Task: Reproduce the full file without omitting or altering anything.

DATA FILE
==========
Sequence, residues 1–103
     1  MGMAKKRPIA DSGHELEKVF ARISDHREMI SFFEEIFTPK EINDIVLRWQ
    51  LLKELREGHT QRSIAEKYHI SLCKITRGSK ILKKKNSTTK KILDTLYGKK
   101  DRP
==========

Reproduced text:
Sequence, residues 1–103
     1  MGMAKKRPIA DSGHELEKVF ARISDHREMI SFFEEIFTPK EINDIVLRWQ
    51  LLKELREGHT QRSIAEKYHI SLCKITRGSK ILKKKNSTTK KILDTLYGKK
   101  DRP